Despite being on track to receive a whopping 12% budget increase for next year, the Securities and Exchange Commission plans to inspect just 9% of the 11,000 investment advisory firms that it oversees — the same percentage of firms it expects to examine this year.
Instead, the SEC, which was publicly flogged last year for botching numerous opportunities to uncover Bernard Madoff's Ponzi scheme, will focus on improving the depth and breadth of its examinations, said Carlo di Florio, the new director of the SEC's Office of Compliance Inspections and Examinations.
“Seventy-two new staff [and] a stronger risk-based examination program is going to improve our coverage over the registered investment advisers,” said Mr. di Florio, who joined the OCIE last month from PricewaterhouseCoopers LLP, where he was a partner in the financial services regulatory practice.
One of his mandates is to assuage long-held concerns about the depth of the OCIE's exam process.
“There's been concern about how effective the examination process has been,” said Thomas Gorman, a partner in Porter Wright Morris & Arthur LLP, where he is chairman of the securities litigation group.
Recruiting Mr. di Florio, along with increasing the OCIE's budget, suggests that the SEC is taking its advisory firm inspections more seriously, he said.
“They're really looking at OCIE as an adjunct of enforcement,” Mr. Gorman said.
On Feb. 1, the White House proposed to Congress that the SEC's budget for fiscal 2011, which begins Oct. 1, be raised to $1.26 billion, from $1.12 billion in fiscal 2010. The OCIE would receive a 12% increase in its funding, raising its budget to $257 million and allowing it to increase its examination staff to 912.
The SEC campaigned for the additional funding in part because of the increase in the number of investment advisory firms that the OCIE is expected to examine.
Indeed, the number of firms has climbed 50% from fiscal 2003 to about 11,500 at the beginning of fiscal 2010. Meanwhile, assets under management at those firms jumped 57% to $33 trillion during that time period.
At the same time, the products sold by those firms have grown increasingly complex.
Going forward, the OCIE will pay more attention to firms that sell products and provide services that are considered more risky, Mr. di Florio said. Examiners will also be encouraged to act more quickly on tips and complaints, a reaction to the black eye the SEC received for not responding to tips about the massive Ponzi scheme perpetrated by Bernard L. Madoff Investment Securities LLC.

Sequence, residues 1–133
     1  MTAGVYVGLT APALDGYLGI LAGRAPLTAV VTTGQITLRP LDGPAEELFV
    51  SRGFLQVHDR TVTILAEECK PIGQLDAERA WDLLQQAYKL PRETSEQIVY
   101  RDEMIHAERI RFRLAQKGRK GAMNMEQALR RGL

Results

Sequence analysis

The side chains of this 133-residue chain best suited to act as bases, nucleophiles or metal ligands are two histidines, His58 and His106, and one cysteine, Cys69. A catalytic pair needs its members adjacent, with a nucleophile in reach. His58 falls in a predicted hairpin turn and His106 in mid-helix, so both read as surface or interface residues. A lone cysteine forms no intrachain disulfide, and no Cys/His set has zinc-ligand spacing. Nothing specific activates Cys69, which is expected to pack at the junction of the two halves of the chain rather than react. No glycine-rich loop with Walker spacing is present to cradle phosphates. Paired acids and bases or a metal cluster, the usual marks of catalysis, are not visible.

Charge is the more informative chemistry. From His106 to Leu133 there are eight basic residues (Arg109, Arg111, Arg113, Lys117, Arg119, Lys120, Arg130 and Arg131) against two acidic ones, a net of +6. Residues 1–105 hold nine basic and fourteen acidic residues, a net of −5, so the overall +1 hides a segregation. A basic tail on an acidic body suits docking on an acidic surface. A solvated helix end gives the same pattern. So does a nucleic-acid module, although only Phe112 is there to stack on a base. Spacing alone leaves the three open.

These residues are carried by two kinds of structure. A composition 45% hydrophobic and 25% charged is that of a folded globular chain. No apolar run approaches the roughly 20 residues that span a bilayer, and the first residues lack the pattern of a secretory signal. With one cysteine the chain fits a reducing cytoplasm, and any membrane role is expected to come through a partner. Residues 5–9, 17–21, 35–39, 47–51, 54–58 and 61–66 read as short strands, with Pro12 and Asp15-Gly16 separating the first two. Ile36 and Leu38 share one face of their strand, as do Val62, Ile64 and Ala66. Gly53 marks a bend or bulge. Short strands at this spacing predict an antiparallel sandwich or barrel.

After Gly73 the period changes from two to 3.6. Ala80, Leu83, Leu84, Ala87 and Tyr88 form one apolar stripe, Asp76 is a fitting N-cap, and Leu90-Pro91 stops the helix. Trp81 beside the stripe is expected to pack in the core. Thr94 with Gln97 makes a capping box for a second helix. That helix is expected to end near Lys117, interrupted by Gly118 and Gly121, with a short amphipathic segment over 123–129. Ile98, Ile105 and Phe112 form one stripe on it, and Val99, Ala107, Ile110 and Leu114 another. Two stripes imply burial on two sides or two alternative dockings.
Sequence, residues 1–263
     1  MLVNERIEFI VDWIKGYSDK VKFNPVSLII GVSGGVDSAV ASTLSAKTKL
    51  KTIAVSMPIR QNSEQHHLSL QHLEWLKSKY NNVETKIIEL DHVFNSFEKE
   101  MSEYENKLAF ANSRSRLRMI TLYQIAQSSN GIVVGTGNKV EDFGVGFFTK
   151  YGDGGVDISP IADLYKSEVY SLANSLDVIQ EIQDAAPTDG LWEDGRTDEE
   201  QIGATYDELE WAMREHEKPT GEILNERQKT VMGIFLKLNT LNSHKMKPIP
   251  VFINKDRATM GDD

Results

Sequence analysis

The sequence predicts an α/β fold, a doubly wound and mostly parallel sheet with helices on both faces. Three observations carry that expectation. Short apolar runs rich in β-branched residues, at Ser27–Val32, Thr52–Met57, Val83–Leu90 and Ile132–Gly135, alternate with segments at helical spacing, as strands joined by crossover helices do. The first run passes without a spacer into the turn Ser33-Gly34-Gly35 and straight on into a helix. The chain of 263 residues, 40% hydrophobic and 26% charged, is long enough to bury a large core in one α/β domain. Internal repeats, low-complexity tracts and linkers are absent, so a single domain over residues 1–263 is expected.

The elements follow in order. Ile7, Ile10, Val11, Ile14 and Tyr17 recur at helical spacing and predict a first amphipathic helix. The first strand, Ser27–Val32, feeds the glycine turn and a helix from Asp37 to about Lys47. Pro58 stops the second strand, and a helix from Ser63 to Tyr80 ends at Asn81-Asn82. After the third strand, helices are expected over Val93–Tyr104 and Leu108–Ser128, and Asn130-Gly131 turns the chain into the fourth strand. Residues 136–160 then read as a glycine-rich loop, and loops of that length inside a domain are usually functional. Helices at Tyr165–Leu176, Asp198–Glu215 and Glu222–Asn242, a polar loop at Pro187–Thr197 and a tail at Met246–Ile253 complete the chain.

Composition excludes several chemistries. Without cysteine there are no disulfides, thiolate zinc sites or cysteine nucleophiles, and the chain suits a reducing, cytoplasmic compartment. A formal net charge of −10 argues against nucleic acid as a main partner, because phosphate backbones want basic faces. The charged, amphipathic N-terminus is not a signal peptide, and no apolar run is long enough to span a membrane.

Factors in determining risk include whether advisers' investment recommendations are consistent with disclosures and client objectives, whether their compliance systems are adequate, whether they get best execution from the brokers they work with and whether they favor some clients in allocating investment opportunities, Mr. di Florio said.
The OCIE is focusing more on advisers' custodial arrangements and how effective advisers' programs are for preventing insider trading, he said.
The increased budget will allow the OCIE to invest more heavily in technology that will allow it to conduct surveillance and analyze data to identify risks.
“Our approach is going to be sharper. Those resources will help us do more-qualitative oversight of the investment advisory industry,” Mr. di Florio said.
Certain products also will receive greater scrutiny, including derivatives and structured products.
“Those are all areas where we want to make sure disclosures are comprehensive, products are suitable and fiduciary responsibilities are fulfilled,” Mr. di Florio said.
The slump in the financial services industry is making it easier for the SEC to recruit industry professionals with a depth of understanding of the markets and the business itself, Mr. di Florio said.
“We're looking at skill sets that we haven't traditionally had,” he said. “We're looking at people who understand risk management, understand trading strategies, understand operations and understand quantitative analysis.”
The extra money would also help the SEC overcome the derision it has received because of its past goal of annually inspecting 9% of the investment advisory firms it oversees. By contrast, the Financial Industry Regulatory Authority Inc. inspects 55% of broker-dealers it supervises.
More funds could be freed up if Congress enacts financial-reform proposals that would move about 4,000 advisory firms from SEC oversight to the states.
In addition, Finra is pushing to take on the role of overseeing advisory firms.
“[A self-regulatory organization] would bring significant benefits to the oversight regime for federally registered investment advisers, and enhanced protections for customers who invest through an adviser,” said Finra spokesman Herb Perone. “First and foremost, it would greatly increase the number of examinations of [investment advisers] over the level that the SEC, with its many resource demands, can perform on its own.”
Mr. di Florio, for his part, is not worried by the prospect of more involvement by Finra. “We are looking for ways to allocate our resources to best use,” he said.
“If it's us doing the oversight, we want to increase our resources and provide more coverage. If it's teaming with SROs, and that's an area that gets further attention in Congress, we'll adjust and figure out a way to do that more effectively,” Mr. di Florio said.
E-mail Sara Hansard at firstname.lastname@example.org.